"I con imagine a professor in this department using books from that canon critically to study Afrocentrism itself critically," he says. "I know some students are genuinely quite prepared to criticize naive assumptions."

Appiah agrees with that way of answering the question and says the department would have no problem tenuring someone with an Afrocentric focus if he or she were the best professor for a position.

"Someone's holding that position wouldn't count against them, but they'd have to meet certain scholarly standards," he said. He does not feel Harvard's concentration needs to "represent every socially significant political and cultural perspective," he says.

Professors acknowledge a student desire for slightly less unanimity of vision on some issues.

"If you have a somewhat militant view, certain professors will listen and will let your opinions be heard, but there is a feeling that if you do not think as they do you will grow out of it," says Lisa D. Ellis '94, an Afro-American Studies concentrator.

Another question, closely linked both to a desire for Afrocentric dialogue and the call for greater social science coverage, is that of a political articulation for the department itself.

As a department born of activism, one which had for years a pronounced political slant and voice through its chair, Afro-American Studies is under unique pressures to manifest an outlook, to students and colleagues.

Some students today say that the department should assert itself more politically.

"Last year when [City University of New York Professor Leonard] Jeffries came the faculty of the Afro-Am department didn't' come out one way or another,' says Rashida K. LaLande '95. "It never occured to us at the time, but looking back it would have been nice to have some support from the faculty."

Gates says the pressure to enter the arena of campus politics definitely exists. He himself, through columns in national publications, has become a national figure in debates on race relations.

"Being a professor of Afro-American Studies and being Black is not like being a professor of Ango-Saxon literature in the English department," Gates says.

"We don't believe the department to have a political agenda," says Appiah.

Smith says that the department is inherently political but points out that many departments are. "The people who challenge ethnic studies for being political seem to think that history and other departments aren't political, but I think that's a fallacy."

"Afro-Am is not political in the sense that we're all being indoctrinated," Smith says. "In Afro-Am, voices and perspectives are political."

Monica A. Coleman '95 says that, although concentrators and faculty do express political views, the department is primarily academic. "Gates has a political stance, and each person in the department has stance," he says. "There's a lot of political discourse at concentrators' meetings."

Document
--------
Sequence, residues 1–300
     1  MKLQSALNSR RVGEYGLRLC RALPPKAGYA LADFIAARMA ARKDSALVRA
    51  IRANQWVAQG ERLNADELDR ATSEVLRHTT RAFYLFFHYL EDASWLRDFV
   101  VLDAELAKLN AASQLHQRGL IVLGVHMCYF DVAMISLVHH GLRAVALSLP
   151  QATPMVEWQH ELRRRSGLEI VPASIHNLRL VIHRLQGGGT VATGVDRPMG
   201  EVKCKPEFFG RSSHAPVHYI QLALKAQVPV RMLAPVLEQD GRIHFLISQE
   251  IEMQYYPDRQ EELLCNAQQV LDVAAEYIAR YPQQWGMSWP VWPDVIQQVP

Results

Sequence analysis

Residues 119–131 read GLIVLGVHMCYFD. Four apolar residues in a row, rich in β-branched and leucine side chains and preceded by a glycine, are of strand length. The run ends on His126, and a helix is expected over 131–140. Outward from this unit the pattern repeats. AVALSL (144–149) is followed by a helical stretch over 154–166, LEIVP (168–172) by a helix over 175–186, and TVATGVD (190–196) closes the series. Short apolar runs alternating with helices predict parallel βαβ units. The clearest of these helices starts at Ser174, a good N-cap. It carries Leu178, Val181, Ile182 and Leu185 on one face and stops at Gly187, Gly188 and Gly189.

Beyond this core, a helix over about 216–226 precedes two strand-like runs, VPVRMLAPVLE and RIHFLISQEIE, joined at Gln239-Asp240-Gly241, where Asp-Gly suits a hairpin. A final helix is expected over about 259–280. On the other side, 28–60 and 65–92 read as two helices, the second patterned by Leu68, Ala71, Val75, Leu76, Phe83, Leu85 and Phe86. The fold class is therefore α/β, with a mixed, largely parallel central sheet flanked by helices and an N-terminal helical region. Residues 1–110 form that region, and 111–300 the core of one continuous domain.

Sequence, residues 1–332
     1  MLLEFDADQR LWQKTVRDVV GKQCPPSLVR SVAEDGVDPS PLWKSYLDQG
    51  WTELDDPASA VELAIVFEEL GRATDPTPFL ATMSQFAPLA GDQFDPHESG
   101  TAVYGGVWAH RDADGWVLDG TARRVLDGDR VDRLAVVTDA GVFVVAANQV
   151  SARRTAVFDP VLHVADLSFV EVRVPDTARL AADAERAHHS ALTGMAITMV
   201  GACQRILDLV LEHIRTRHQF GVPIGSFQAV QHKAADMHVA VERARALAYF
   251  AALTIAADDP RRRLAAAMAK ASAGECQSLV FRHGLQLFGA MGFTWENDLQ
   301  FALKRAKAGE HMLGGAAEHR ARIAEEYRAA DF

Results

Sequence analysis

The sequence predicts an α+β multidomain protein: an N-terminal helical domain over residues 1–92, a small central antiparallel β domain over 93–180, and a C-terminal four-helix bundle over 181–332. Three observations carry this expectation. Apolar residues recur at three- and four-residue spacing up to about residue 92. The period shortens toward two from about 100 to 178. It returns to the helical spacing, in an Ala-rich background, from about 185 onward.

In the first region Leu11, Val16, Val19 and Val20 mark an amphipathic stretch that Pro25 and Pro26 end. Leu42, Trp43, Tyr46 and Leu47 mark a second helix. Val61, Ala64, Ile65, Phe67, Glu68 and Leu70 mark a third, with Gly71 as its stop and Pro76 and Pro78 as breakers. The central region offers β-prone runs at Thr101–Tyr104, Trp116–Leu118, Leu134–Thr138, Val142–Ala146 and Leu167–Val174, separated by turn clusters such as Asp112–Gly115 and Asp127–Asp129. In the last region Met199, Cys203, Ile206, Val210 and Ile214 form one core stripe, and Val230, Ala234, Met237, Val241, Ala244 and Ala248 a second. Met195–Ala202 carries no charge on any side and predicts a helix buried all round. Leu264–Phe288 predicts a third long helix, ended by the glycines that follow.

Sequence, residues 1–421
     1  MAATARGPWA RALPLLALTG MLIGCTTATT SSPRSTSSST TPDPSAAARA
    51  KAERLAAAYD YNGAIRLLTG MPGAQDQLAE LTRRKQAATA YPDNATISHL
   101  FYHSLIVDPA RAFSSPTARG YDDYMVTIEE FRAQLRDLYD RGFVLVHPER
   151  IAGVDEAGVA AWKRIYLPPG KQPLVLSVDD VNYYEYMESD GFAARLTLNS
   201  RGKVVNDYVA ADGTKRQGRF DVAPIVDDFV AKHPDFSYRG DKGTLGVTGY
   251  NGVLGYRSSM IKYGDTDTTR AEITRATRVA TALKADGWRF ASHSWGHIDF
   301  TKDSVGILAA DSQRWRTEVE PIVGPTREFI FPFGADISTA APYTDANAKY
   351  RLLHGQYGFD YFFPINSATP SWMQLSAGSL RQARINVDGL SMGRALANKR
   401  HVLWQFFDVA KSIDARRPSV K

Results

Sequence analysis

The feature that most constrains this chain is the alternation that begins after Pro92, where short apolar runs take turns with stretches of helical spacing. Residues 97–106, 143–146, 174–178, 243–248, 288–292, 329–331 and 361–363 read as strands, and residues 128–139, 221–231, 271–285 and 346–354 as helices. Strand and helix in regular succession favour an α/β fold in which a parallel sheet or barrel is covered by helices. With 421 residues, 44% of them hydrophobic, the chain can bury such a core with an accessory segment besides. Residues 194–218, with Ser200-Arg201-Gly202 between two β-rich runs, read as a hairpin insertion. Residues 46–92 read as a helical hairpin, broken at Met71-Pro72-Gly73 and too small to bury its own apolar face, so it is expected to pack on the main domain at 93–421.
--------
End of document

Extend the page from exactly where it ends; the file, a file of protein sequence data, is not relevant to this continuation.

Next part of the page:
Smith says that the department's varied perspectives among students and faculty work in its favor. "There's definitely people in the department with different stances. I don't think it's the department's role to carry the banner of one doctrine," she says. "It's fortunate that there's a broad spectrum."

Afro-American Studies professors at Harvard also stress the importance of equal accessibility of the discipline to scholars of all racial and ethnic backgrounds.

Marc D. Zenlanko '95 also says that being white in the concentration presents no problems. "It's an academic department so they treat me as a scholar, not as a white, Jewish boy," he says.

But some say in the search for diversity of concentrators, the department has lost some focus on Black students in the major.

"A lot of the Black concentrators are very discouraged with the department because in an attempt to make Afro-Am a valid study or concentration they get as many non-African Americans concetrators, which is well and good but in the process they have ignored many of the African American concentrators," Ellis says. "The department heads feel that the only way it would be valid is if non-African-American students were interested in it."

But despite the political and academic conflicts shaped by the pressures in an issue as politicized as Afro-American Studies, the consensus at Harvard that Gates heads a department on the rise is real, and he and his colleagues say they welcome the disagreement and intellectual dispute.

"The idea there's monolithic Black community is ridiculous," says Gates. In his tutorial class he and students "did battle every week."

"That's the way it should be," he says. "It's about constrained disagreement."

The department is political but not polemic or dogmatic. One of the strength of the department is its determination top stay away from racial ideologies;

Ian H. Soloman '94 Afro-American Students Concentrator.

'Our outlooks are very similar... I definitely see the direction shaped by Skip Gates' vision. I also think that's a vision all of us share.'

Phillip Brian Harper assistant professor of English and Afro-American StudiesCrimsonPhotographerHENRY LOUIS GATES Jr.

Want to keep up with breaking news? Subscribe to our email newsletter.

Tags